We went for pre-made "Less Sweet" white lotus paste 白莲蓉. I was told this was imported from Hong Kong.
"Less Sweet" traditional lotus paste 黄莲蓉 too.
Method :
Toast all melon seeds in oven at 175 degrees celsius for 3 to 5 minutes till they start popping in the oven.
Mix peanut oil, golden syrup and alkaline water in a bowl thoroughly to get a nice crust mixture. Sieve Hong Kong flour into a big bowl, then fold in the crust mixture into big bowl.
Mix flour and crust mixture gently and evenly. Do not over knead as we do not want to encourage high gluten that would result in the mooncake crust being tough and chewy.
Wrap dough in cling wrap when it's nice and soft. Let it rest at room temperature for 35-45 minutes.
Meanwhile, prepare the lotus paste. Roll lotus paste into several small balls (in accordance to our apportioned weight). Dig a well on the lotus paste ball.
Insert melon seeds or like most people -  salted egg yolk. Ensure that salted egg yolk(s) were pre-cooked in microwave oven, oven or steamer beforehand. 
Knead to close up the lotus paste again.
Roll the lotus paste ball in between palms.
Put aside when satisfied with shape and texture.
When 35-45 minutes time is due, divide mooncake crust dough into equal portions (e.g. 4 portions for normal size mooncakes or 8 portions for mini-sized mooncakes) with the help of a weighing scale. 
Use palms or rolling pin to press the dough ball flat. Wrap the lotus paste ball in the flat dough. Then slowly knead to close up the dough. Roll them back into perfect ball shape in between palms. This time, the lotus paste and salted egg/melon seeds inside and the mooncake skin outside. It would help easier dislodgement if we brush a little flour on our palms when rolling the dough balls in between palms. Do in moderation. Avoid brushing excessive flour or the mooncake would be disfigured (the flour would stick onto the surface of the mooncake) when baked.
Place one final dough into mould. Remember to soak wooden mould overnight in oil if using for the first time. This oiling and seasoning process would prevent mould from cracking and breaking as we hit to dislodge.
Use palm to flatten dough so that entire mould is filled up. 
We do not need brutal strength. Lightly hit the wooden mould on a hard surface on all sides.The dough would not dislodge if we hit on just one side.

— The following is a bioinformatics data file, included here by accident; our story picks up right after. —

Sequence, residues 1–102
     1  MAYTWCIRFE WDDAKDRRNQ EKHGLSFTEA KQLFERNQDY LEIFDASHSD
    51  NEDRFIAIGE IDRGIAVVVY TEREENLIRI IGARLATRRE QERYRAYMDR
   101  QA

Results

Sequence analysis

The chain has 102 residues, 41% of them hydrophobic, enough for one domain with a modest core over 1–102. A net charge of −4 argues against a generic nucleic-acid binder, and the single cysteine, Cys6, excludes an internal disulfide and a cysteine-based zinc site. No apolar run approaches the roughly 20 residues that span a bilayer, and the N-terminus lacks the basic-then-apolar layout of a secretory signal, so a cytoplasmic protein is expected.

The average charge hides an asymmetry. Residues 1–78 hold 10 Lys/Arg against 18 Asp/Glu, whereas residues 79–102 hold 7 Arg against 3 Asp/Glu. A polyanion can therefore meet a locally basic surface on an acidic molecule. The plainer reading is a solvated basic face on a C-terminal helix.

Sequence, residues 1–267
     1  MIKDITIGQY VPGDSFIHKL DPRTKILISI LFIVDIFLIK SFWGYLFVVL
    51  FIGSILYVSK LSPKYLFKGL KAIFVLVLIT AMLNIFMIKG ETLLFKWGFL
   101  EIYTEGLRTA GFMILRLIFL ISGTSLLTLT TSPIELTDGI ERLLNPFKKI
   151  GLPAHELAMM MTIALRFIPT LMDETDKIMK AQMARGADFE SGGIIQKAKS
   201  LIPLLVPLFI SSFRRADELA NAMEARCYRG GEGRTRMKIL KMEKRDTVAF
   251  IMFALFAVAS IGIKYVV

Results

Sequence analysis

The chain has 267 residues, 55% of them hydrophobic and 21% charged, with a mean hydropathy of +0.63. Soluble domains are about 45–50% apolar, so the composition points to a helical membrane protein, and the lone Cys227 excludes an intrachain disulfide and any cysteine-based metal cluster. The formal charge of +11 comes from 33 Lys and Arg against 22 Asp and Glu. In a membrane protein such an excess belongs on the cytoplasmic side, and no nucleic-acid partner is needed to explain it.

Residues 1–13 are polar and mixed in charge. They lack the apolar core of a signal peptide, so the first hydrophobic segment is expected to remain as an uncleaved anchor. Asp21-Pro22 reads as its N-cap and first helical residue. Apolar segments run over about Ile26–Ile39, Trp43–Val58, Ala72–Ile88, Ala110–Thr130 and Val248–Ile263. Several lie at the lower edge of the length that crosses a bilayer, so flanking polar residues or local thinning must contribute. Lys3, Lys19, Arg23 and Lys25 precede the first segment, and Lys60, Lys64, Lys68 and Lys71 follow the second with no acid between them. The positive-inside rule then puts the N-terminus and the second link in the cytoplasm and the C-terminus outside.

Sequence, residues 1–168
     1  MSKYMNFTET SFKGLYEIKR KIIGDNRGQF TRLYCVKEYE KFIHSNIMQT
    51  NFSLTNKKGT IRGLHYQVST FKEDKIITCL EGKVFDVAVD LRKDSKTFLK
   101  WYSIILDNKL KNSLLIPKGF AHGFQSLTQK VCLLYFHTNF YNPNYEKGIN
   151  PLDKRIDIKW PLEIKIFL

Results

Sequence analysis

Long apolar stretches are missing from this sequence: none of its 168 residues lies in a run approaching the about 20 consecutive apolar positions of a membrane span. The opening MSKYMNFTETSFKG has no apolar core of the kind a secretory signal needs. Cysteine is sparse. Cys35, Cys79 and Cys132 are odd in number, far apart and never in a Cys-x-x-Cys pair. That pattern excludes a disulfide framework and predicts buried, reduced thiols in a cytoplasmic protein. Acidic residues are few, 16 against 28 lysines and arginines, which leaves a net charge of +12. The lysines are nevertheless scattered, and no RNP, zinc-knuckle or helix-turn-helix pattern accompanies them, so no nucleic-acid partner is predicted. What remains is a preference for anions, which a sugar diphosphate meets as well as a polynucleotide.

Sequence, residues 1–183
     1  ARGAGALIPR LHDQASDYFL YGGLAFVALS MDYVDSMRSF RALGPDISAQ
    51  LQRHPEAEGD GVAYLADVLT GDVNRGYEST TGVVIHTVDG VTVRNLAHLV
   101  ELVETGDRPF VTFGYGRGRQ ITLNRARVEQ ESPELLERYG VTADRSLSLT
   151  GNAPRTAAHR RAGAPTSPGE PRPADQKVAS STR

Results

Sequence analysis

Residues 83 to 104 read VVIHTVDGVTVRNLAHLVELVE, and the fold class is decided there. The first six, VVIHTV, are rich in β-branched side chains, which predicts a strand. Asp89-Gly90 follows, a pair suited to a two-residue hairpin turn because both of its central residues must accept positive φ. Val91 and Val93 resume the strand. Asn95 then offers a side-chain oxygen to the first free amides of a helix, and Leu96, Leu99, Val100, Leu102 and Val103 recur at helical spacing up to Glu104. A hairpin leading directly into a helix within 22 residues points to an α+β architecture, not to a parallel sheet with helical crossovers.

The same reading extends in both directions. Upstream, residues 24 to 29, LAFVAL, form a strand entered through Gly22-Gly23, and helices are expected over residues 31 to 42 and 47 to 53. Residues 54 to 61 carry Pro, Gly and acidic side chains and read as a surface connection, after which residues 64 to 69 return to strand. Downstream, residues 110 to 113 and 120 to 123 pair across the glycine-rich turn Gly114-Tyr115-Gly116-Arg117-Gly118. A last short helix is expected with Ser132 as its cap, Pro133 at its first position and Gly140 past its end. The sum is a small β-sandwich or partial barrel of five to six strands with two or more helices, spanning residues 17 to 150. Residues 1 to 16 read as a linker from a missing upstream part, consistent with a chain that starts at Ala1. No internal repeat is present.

The nicely imprinted dough would loosen and dislodge from the mould on its own. 
Lay parchment/wax paper on baking tray and arrange imprinted doughs in rows. Leave some space in between each dough. Spray just a little water on the surface of the dough to prevent the crust from cracking when bake. Pre-heat oven at 180 degrees celsius (356 degrees fahrenheit). 
When ready, bake mooncakes for 5 to 10 minutes (without egg wash) subject to size of mooncakes.
Prepare egg wash with 1 egg yolk, 2 tbsp egg white and a few drops of peanut oil. Stir well.
Remove baking tray from oven after 10 minutes. Let it rest for 5 minutes. Then slowly and carefully brush egg wash onto surface of mooncakes. Brush surface lightly with egg wash to avoid imprinted surfaces blurring off. Send mooncakes back to oven for further 5 to 10 minutes after applying egg wash. Watch colour browning closely. Remove mooncakes from oven once we are happy with the colour. We needed no more than 5 minutes for the mini mooncakes. Allow to cool before packing or serving.
It is best to consume the mooncakes only after 1-2 days so that the crusts would turn softer and nicer in colour during the 回油 process.
We might not have ultra thin crusts for our mooncakes, but still very happy with the end products.
Pack the mooncakes into store bought boxes and they would be great festival gifts!

Glad to have made the mooncakes together with my husband. We were experimenting, troubleshooting and rectifying together. As he aptly puts it, it's indeed a great husband and wife bonding activity!